Earth science 10e
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Earth Science, 10e. Edward J. Tarbuck & Frederick K. Lutgens . Plate Tectonics Chapter 7. Earth Science, 10e Stan Hatfield and Ken Pinzke Southwestern Illinois College. Continental drift: an idea before its time . Alfred Wegener First proposed hypothesis, 1915

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Earth science 10e

Earth Science, 10e

Edward J. Tarbuck & Frederick K. Lutgens


Plate tectonics chapter 7

Plate TectonicsChapter 7

Earth Science, 10e

Stan Hatfield and Ken Pinzke

Southwestern Illinois College


Continental drift an idea before its time

Continental drift: an idea before its time

  • Alfred Wegener

    • First proposed hypothesis, 1915

    • Published The Origin of Continents and Oceans

  • Continental drift hypothesis

    • Supercontinent called Pangaea began breaking apart about 200 million years ago

    • Continents "drifted" to present positions

    • Continents "broke" through the ocean crust


Pangaea approximately 200 million years ago

Pangaea approximately 200 million years ago


Continental drift an idea before its time1

Continental drift: an idea before its time

  • Wegener's continental drift hypothesis

    • Evidence used by Wegener

      • Fit of South America and Africa

      • Fossils match across the seas

      • Rock types and structures match

      • Ancient climates

    • Main objection to Wegener's proposal was its inability to provide a mechanism


Wegener s matching of mountain ranges on different continents

Wegener’s matching of mountain ranges on different continents


Paleoclimatic evidence for continental drift

Paleoclimatic evidence for Continental Drift


Plate tectonics the new paradigm

Plate tectonics: the new paradigm

  • More encompassing than continental drift

  • Associated with Earth's rigid outer shell

    • Called the lithosphere

    • Consists of several plates

      • Plates are moving slowly

      • Largest plate is the Pacific plate

      • Plates are mostly beneath the ocean


Plate tectonics the new paradigm1

Plate tectonics: the new paradigm

  • Asthenosphere

    • Exists beneath the lithosphere

    • Hotter and weaker than lithosphere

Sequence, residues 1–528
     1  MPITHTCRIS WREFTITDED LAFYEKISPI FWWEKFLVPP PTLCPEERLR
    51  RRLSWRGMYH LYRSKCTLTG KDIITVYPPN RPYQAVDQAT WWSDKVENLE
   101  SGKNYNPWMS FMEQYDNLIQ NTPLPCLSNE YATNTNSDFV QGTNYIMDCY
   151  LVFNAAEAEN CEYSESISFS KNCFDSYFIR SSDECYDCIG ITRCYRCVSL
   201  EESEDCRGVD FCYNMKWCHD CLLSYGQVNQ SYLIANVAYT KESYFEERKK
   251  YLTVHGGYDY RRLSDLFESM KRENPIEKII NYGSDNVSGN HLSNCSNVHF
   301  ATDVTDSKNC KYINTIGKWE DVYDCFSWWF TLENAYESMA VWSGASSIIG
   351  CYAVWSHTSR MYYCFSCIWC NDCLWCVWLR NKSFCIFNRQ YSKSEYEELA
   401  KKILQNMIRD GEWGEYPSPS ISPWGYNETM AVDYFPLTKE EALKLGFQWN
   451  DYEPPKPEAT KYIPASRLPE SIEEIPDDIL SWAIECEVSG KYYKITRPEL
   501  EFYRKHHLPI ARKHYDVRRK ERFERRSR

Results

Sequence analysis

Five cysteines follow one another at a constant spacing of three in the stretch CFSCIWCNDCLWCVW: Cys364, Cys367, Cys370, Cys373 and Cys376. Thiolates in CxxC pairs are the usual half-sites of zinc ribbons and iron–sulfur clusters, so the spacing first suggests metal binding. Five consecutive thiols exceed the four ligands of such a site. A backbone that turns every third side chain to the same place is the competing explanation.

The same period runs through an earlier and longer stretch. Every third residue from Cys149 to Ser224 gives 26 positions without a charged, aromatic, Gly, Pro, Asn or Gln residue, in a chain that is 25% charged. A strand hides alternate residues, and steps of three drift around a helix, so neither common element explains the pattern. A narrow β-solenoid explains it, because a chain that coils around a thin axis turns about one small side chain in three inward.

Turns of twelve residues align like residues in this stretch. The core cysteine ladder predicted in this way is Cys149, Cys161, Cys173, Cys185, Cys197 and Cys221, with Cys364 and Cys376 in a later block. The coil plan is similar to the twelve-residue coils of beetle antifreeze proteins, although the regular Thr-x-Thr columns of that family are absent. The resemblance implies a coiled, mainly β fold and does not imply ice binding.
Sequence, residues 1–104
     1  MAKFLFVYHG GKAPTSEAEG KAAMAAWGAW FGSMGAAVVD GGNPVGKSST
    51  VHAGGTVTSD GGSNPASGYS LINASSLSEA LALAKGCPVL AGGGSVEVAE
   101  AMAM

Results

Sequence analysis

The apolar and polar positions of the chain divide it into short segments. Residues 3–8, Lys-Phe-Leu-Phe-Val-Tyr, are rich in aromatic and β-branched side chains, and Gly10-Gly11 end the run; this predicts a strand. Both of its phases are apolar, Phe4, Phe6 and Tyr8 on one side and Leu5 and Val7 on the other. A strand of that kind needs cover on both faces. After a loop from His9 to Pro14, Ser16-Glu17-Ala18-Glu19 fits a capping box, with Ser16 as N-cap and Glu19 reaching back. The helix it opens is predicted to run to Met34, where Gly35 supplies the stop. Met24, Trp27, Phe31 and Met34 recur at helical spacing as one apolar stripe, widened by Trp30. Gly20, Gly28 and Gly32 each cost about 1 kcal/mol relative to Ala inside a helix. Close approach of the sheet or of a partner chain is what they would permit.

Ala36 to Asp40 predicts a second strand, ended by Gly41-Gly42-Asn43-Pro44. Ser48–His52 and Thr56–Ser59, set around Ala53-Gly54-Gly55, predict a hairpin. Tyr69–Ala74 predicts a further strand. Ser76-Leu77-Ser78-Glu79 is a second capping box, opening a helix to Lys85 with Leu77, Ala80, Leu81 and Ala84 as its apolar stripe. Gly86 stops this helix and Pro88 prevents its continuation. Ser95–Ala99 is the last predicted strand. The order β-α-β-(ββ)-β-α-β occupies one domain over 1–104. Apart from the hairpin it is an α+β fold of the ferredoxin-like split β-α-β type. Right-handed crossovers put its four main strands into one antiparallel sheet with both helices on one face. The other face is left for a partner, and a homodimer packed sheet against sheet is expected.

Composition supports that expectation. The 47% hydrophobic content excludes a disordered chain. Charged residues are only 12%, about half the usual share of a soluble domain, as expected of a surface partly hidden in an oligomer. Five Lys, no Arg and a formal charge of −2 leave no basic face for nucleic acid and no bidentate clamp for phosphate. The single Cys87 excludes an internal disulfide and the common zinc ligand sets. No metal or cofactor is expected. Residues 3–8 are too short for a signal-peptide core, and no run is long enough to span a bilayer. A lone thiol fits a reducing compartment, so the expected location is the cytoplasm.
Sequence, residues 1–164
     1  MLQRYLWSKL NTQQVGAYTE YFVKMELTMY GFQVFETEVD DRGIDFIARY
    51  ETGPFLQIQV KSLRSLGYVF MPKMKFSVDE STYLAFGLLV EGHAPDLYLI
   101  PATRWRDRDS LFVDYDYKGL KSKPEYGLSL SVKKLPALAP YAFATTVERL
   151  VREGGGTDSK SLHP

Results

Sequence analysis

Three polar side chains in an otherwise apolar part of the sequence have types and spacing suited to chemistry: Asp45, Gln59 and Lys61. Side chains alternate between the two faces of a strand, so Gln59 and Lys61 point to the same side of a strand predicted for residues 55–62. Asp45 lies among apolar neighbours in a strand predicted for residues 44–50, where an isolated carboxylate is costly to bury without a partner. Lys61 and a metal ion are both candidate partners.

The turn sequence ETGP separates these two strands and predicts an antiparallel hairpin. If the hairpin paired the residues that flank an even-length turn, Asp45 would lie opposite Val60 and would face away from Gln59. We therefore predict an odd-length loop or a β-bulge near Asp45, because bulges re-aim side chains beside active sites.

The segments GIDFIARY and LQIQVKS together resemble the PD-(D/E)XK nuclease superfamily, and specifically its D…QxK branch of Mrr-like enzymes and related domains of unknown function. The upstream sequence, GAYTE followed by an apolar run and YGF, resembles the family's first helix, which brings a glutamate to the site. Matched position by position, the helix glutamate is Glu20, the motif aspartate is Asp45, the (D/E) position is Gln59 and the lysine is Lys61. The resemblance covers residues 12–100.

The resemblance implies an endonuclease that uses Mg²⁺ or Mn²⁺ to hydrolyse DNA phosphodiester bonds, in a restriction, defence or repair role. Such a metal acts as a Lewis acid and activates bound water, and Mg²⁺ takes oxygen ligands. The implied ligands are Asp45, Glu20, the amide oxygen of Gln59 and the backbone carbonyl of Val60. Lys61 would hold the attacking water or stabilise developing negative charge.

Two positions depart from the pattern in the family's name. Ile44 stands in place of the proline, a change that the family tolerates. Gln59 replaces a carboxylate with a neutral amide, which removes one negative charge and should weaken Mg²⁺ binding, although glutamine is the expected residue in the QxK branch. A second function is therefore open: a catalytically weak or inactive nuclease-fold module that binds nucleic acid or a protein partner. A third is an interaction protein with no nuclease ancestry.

• Allows for motion of lithosphere

  • Plate boundaries

    • All major interactions among plates occur along their boundaries


Convergent continental to continental

Convergent: Continental to Continental

Convergent plate boundaries (destructive margins)

  • Definition:When subducting plates contain continental material, two continents collide

    • How they move: two continental plates push each other up

    • Landform Results: new mountain ranges

    • Example: Himalayas

    • Density: Same density so they both push each other up


A continental continental convergent plate boundary

A continental-continental convergent plate boundary


The collision of india and asia produced the himalayas before

The collision of India and Asia produced the Himalayas (before)


The collision of india and asia produced the himalayas after

The collision of India and Asia produced the Himalayas (after)


Convergent plate boundaries oceanic to continental

Convergent Plate Boundaries: Oceanic to Continental

Convergent plate boundaries (destructive margins)

  • Oceanic-continental convergence

    • Definition: an oceanic plate and continental plate colliding

    • How they move:oceanic plate slides underneath continental plateDenser oceanic slab sinks into the asthenosphere

    • Land formations: Pockets of magma develop and rise, continental volcanic arcs form, chain of volcanic islands

    • Examplesinclude the Andes, Cascades, and the Sierra Nevadan system


An oceanic continental convergent plate boundary

An oceanic-continental convergent plate boundary


Convergent plate boundaries oceanic to oceanic

Convergent Plate Boundaries: Oceanic to Oceanic

  • Oceanic-oceanic convergence

    • Definition: Two oceanic slabs converge and one descends beneath the other

    • How they move: Often forms volcanoes on the ocean floor

    • Land formation results:Volcanic island arcs forms as volcanoes emerge from the sea

    • Examples: include the Aleutian, Mariana, and Tonga islands,

    • Density: same


An oceanic oceanic convergent plate boundary

An oceanic-oceanic convergent plate boundary


Divergent plate boundaries

Divergent Plate Boundaries

Divergent plate boundaries (constructive margins)